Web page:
Vietnam and Other Alien Worlds (with essays and poetry), New England Science Fiction Association Press (Framingham, MA), 1993.
None So Blind, Morrow (New York, NY), 1996.
War Stories, Night Shade Books (San Francisco, CA), 2005.
A Separate War and Other Stories, Ace Books (New York, NY), 2006.
The Devil His Due (produced at the University of Iowa Film Workshop), published in Fantastic (New York, NY), August, 1974.
The Moon and Marcek, published in Vertex (Los Angeles, CA), August, 1974.
The Forever War, produced by Organic Theater Company, Chicago, IL, 1983.
Cosmic Laughter: Science Fiction for the Fun of It, Holt Reinhart (New York, NY), 1974.
Study War No More: A Selection of Alternatives, St. Martin's Press (New York, NY), 1977.
Nebula Award Stories 17, Holt Reinhart (New York, NY), 1983.
(With Martin H. Greenberg and Charles G. Waugh) Body Armor: 2000, Ace (New York, NY), 1986.
(With Martin H. Greenberg and Charles G. Waugh) Supertanks, Ace (New York, NY), 1987.
(Author of introduction) The Best of John Brunner, Ballantine (New York, NY), 1988.
(With Martin H. Greenberg and Charles G. Waugh) Spacefighters, Ace (New York, NY), 1988.
(With Martin H. Greenberg) Future Weapons of War, Baen (Riverdale, NY), 2007.
War Year (novel), Holt Reinhart (New York, NY), 1972, Pocket Books (New York, NY), 1978.
(As Robert Graham) Attar's Revenge (adventure novel), Pocket Books (New York, NY), 1975.
(As Robert Graham) War of Nerves (adventure novel) Pocket Books (New York, NY), 1975.
Robot Jox (screenplay) Empire, 1990.
1968: A Novel, Hodder & Stoughton (London, England), 1994, Morrow (New York, NY), 1995.
Saul's Death and Other Poems, Anamnesis Press (San Francisco, CA), 1996.
Also author of "I of Newton," an episode of The Twilight Zone,title Columbia Broadcasting System (CBS), 1985. Work included in numerous anthologies, including The Best from Galaxy, edited by Ejler Jakobbsen, Universal-Award, 1972; Best SF: 1972, edited by Harry Harrison and Brian Aldiss, Putnam, 1973; The Best Science Fiction of the Year—1972, edited by Terry Carr, Ballantine, 1973; Best SF: 1973, edited by Harry Harrison and Brian Aldiss, Putnam, 1974; The Best from Galaxy, Volume 3, Award, 1975; Nebula Award Stories 11, Harper, 1975; Best Science Fiction Stories, Dutton, 1977; Nebula Award Stories XII, Harper, 1977; Annual World's Best SF, DAW, 1978; The Best of Destinies, Ace, 1981; Best SF Stories of the Year, Dutton, 1980; Best of OMNI Science Fiction, 1980; Vicious Circles: The Best Modern Sestinas, 1994; The Year's Best Science Fiction, Eleventh Annual, St. Martin's Press, 1994; and Year's Best Science Fiction, edited by David Hartwell, HarperPrism, 1996.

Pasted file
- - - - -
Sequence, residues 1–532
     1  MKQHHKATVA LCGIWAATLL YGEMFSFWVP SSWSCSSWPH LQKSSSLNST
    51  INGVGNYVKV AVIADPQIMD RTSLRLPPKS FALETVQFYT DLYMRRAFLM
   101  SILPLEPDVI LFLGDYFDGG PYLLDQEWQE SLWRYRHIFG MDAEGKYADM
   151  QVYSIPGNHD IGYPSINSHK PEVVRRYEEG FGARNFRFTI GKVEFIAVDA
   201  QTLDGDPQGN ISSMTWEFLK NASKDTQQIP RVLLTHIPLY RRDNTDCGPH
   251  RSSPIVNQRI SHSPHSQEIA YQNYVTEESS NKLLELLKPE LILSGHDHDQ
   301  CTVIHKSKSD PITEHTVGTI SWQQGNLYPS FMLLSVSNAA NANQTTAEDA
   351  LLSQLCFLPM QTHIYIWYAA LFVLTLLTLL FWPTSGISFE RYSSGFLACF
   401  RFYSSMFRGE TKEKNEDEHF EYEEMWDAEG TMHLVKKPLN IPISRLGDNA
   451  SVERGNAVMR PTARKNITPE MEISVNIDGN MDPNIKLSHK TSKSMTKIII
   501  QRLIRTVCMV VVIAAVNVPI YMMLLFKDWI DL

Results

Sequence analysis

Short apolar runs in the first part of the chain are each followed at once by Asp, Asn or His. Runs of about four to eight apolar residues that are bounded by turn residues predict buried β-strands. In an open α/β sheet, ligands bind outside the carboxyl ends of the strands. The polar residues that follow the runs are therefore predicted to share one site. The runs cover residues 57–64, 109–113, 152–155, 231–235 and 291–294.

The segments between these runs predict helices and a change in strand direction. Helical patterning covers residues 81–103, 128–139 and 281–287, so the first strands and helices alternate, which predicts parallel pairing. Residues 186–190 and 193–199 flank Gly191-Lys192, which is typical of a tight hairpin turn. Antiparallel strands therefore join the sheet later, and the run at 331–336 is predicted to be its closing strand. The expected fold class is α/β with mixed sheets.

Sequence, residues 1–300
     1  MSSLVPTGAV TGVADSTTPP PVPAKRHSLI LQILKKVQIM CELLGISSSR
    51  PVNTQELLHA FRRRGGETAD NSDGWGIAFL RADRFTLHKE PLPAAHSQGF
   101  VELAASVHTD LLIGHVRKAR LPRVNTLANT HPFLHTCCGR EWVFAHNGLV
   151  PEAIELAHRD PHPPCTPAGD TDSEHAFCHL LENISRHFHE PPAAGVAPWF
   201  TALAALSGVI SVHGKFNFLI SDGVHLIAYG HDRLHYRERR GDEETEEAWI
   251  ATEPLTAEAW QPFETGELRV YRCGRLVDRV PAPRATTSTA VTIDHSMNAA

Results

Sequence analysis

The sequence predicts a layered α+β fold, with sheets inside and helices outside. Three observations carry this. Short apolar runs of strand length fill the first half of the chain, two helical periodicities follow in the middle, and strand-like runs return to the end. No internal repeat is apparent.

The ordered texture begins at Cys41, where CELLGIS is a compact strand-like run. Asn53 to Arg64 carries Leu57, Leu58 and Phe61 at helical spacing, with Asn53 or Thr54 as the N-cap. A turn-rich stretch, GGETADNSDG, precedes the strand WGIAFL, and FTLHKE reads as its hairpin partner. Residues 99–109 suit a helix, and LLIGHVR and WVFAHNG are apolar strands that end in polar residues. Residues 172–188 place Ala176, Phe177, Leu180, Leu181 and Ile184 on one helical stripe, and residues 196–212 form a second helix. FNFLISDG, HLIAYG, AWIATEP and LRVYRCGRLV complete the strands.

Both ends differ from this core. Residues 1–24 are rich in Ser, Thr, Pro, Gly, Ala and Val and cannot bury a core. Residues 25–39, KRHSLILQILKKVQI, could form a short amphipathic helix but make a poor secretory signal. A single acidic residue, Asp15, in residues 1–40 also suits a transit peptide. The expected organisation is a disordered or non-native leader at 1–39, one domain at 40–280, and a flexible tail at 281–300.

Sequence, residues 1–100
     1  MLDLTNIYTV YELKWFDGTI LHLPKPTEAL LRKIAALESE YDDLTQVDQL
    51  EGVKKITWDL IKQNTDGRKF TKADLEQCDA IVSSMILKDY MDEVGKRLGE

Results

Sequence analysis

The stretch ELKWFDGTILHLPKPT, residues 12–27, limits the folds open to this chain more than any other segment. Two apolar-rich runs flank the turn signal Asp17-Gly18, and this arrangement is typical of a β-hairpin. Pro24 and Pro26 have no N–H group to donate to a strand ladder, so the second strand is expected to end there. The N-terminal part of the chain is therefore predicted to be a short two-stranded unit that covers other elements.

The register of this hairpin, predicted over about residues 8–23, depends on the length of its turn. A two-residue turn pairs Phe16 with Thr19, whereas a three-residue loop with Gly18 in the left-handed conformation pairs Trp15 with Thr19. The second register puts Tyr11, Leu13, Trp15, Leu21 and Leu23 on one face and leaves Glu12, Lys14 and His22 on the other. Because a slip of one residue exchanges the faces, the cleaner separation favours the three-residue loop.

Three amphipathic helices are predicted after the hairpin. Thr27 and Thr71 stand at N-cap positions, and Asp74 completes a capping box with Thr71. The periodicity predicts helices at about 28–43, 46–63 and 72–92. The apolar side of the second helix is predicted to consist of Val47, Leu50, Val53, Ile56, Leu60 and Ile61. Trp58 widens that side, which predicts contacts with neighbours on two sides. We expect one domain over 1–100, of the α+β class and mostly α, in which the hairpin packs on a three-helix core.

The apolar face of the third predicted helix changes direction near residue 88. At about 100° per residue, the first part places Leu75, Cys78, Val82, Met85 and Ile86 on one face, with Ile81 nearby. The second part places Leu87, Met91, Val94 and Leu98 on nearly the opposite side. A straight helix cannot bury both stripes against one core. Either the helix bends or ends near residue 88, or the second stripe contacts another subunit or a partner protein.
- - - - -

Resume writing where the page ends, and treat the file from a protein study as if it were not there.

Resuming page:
Contributor to science fiction anthologies, including Orbit Eleven, edited by Damon Knight, Putnam, 1971; Showcase, edited by Roger Elwood, Harper, 1973; Ana-log 9, edited by Ben Bova, Doubleday, 1973; Combat SF, edited by Gordon Dickson, Doubleday, 1975; Frights, edited by Kirby McCauley, St. Martin's Press, 1976; Close Up: New Worlds, St. Martin's Press, 1977; Time of Passage, Taplinger, 1978; The Endless Frontier, Ace, 1979; The Road to SF 3, Mentor, 1979; Thieve's World, edited by Robert Asprin, Ace, 1979; The Future at War, Ace, 1980; Dark Forces, edited by Kirby McCauley, Viking, 1980; and Dogs of War, edited by David Drake, Warner, 2002.
Contributor of numerous short stories and articles to Analog, Galaxy, Isaac Asimov's SF Adventures, Magazine of Fantasy and Science Fiction, Omni, Playboy, and other publications.
Haldeman's novels have been translated into French, Italian, German, Dutch, Japanese, Hebrew, Spanish, Swedish, Russian, Greek, Czech, Bulgarian, and Korean.
Movie rights to The Forever War were purchased by the Sci-Fi Channel, 1997.
In his award-winning science fiction novel The Forever War, Joe Haldeman combines his experiences as a soldier during the Vietnam War, in which he was severely wounded, with a realistic, scientifically accurate presentation. The novel tells of a war that stretches across intergalactic distances and long periods of time, the soldiers involved traveling to remote battlefields via black holes. Because the soldiers travel at faster-than-light speeds, they age far slower than the civilians for whom they fight. This difference in relative age—the soldiers a few years older, their society centuries older—results in an alienation between the soldiers and the people they defend.